Decrease in volcano jet noise peak frequency as crater expands

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Department of Geological and Mining Engineering and Sciences


Volcanic jet noise is the sound, often <20 Hz and termed infrasound, generated by momentum-driven fluid flow through a volcanic vent. Assuming the self-similarity of jet flows and audible jet noise extends to infrasonic volcanic jet noise, the Strouhal number, St, connects frequency changes to those in jet length (expanded jet diameter) and/or velocity scale (jet velocity). We examine the infrasound signals from the June 2019 eruptions of Raikoke, Kuril Islands and Ulawun, Papua New Guinea volcanoes with changes in crater geometry. We use data from the International Monitoring System infrasound network and pre- and post-eruption satellite data (PlanetScope imaging). We observe a decrease in infrasound peak frequency during the transition to a more intense phase, which remains through the end of both eruptions. With the PlanetScope data, we measured a crater area increase of ∼50 000 m2 at Raikoke and ∼31 000 m2 at Ulawun. We use crater diameter as a proxy for expanded jet diameter. Our analysis suggests that the increases in crater diameter alone cannot account for the decreases in peak frequency for a constant St. This suggests the jet velocity also increased, which fits satellite data, and or the fluid properties (e.g., particle loading, nozzle characteristics, etc.) changed. This is reasonable as the eruptions intensified, which likely involved an increase in jet velocity and erosion of the crater walls. This is the first study to corroborate the decrease in infrasound peak frequency with documented increase in crater area.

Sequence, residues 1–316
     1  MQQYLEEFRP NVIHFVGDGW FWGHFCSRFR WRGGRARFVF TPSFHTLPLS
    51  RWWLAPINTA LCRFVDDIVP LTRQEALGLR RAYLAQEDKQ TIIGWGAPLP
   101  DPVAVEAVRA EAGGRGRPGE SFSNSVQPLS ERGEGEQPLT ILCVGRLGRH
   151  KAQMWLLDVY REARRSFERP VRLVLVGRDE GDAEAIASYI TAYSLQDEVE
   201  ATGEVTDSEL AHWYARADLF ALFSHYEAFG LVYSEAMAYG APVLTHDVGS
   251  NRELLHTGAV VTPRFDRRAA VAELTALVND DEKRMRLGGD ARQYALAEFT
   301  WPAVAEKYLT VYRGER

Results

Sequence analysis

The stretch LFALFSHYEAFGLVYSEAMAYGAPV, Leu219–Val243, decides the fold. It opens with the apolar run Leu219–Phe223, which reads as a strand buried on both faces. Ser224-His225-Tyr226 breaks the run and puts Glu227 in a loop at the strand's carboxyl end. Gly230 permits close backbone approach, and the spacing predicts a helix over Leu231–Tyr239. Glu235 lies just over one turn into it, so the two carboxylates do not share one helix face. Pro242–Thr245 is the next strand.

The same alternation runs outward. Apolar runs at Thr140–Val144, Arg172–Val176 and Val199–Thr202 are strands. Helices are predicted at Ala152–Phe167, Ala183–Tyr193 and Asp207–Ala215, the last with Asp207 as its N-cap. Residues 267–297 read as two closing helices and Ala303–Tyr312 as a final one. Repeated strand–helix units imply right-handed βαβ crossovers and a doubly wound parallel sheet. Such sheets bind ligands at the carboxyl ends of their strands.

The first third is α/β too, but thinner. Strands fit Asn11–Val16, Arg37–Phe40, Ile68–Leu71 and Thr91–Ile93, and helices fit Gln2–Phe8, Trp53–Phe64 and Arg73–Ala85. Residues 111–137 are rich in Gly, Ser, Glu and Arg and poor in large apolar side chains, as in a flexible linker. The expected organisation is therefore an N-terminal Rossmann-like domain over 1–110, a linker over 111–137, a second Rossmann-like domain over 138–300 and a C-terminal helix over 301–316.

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The Journal of the Acoustical Society of America